• Mobile-specific testing and quality assurance
  • Accessibility features tailored for mobile users.

Moreover, you can take inspiration from some of the best school website designs and how they ensure mobile responsiveness.

Outdated Content

Risks associated with outdated information on higher education websites can misguide students. It diminishes the website’s credibility and the institution’s reputation, as prospective students and stakeholders may question the reliability of the provided information. Students relying on outdated content may need clarification or make uninformed choices, negatively impacting their experience.

Regular updates on higher education websites are essential to ensure accuracy, relevance, and reliability. Timely information helps prospective and current students make informed decisions about courses, events, and resources.

Here are strategies for maintaining up-to-date content on your higher education website:

  • Conduct in-depth competitor analysis 
  • Refresh old content and design on your website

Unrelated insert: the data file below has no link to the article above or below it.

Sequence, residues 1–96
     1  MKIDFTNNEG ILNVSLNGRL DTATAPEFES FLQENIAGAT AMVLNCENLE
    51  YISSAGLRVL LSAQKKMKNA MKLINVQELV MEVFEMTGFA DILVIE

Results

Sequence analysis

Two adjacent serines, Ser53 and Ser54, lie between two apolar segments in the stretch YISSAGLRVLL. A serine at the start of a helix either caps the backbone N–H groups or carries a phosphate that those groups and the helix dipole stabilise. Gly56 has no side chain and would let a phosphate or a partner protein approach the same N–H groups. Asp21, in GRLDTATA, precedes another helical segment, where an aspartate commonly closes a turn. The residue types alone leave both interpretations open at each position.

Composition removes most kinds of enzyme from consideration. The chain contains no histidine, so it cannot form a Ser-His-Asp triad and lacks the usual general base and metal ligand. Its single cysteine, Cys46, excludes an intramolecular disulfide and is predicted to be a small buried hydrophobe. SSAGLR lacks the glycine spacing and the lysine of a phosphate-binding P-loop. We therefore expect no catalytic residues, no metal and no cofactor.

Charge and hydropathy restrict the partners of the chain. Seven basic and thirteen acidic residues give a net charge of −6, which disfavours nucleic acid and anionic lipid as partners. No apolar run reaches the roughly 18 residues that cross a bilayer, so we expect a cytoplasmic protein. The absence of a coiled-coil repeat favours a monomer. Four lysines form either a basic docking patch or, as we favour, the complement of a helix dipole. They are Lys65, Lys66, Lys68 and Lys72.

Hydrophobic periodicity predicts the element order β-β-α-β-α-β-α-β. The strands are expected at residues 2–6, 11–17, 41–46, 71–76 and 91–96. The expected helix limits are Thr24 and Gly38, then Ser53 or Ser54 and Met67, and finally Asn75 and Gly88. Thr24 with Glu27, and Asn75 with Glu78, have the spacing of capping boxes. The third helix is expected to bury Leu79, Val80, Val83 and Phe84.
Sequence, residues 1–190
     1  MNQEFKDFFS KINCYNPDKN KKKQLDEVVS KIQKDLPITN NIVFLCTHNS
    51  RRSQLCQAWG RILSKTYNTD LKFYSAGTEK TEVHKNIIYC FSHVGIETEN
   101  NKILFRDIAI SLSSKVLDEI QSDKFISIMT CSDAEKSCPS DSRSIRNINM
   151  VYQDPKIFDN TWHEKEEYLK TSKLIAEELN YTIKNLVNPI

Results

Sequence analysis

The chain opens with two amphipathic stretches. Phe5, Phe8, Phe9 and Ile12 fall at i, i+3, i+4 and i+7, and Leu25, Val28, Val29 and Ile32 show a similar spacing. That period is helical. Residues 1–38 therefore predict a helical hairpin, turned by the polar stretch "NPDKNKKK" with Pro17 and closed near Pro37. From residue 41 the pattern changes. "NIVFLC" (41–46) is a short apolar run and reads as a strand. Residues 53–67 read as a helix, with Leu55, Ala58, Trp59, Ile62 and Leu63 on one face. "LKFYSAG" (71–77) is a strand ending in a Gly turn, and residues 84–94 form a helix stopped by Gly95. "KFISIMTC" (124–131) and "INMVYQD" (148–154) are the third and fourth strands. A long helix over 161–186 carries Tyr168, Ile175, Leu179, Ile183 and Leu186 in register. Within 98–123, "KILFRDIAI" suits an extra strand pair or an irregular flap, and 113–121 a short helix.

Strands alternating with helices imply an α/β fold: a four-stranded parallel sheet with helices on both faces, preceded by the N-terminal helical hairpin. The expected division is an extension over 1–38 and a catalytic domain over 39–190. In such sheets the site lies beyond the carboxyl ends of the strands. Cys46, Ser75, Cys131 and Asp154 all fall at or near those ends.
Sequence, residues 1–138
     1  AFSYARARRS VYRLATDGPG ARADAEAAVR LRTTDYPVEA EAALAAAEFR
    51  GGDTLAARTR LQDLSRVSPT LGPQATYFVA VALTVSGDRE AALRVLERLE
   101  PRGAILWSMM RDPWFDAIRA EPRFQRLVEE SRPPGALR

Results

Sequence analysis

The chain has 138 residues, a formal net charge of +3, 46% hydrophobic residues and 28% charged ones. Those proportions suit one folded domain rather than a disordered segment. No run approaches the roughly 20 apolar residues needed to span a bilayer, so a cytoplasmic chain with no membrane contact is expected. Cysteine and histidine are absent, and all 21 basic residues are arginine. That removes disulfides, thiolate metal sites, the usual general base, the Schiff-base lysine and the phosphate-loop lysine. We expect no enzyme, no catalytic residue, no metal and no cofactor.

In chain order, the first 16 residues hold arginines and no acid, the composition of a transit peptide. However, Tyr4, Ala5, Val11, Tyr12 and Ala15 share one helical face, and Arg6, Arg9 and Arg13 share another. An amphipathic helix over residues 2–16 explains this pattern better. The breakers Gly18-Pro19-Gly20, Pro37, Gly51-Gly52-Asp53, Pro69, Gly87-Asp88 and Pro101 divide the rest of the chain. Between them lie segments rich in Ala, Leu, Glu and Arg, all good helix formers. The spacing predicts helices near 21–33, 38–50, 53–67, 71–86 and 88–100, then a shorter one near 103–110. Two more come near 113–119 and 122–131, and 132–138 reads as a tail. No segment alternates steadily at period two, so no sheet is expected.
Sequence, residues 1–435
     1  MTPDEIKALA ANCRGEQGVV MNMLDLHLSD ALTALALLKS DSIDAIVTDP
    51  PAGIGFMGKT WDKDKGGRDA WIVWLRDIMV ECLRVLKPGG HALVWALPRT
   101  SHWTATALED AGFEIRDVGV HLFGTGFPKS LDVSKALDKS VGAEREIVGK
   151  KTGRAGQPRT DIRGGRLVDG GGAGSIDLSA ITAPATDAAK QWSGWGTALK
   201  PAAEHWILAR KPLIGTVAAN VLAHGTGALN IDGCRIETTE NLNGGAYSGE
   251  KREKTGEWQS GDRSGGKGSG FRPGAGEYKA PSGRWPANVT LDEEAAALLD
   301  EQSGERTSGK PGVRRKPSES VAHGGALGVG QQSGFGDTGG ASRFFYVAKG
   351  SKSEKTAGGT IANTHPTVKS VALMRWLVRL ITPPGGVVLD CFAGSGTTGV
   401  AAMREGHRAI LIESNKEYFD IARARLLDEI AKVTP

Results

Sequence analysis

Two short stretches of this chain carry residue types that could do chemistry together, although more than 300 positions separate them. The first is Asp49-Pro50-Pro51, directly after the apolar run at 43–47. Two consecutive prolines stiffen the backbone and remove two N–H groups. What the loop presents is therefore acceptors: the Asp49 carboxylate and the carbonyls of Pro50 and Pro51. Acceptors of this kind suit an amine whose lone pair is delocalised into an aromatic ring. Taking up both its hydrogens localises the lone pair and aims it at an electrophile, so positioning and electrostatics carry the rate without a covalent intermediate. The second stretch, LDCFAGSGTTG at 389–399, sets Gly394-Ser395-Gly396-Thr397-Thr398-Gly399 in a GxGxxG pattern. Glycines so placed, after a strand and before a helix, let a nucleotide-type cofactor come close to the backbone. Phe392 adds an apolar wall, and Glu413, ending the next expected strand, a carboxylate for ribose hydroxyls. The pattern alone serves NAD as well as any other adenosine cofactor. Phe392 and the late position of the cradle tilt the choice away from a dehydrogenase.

• Get rid of obsolete & no-longer-relevant posts
  • Analyze your target keywords and incorporate them
  • Update your website functionality

Maintaining up-to-date content enhances communication and transparency and sustains a positive online reputation for the institution. Consistent updates also reflect the institution’s commitment to providing current and reliable information and building trust among the academic community and stakeholders.

Communication Barriers

Barriers to communication on higher education websites can create issues in the information flow between institutions and students.

Critical updates, announcements, and event details may be overlooked or missed when communication channels are insufficient, leading to a disconnect between the university and its stakeholders.

Addressing this challenge is essential to establishing effective two-way communication and maintaining a cohesive relationship between the university and its stakeholders. Clear communication reduces confusion and facilitates access to critical information, academic guidelines, and updates, enabling students to make informed decisions.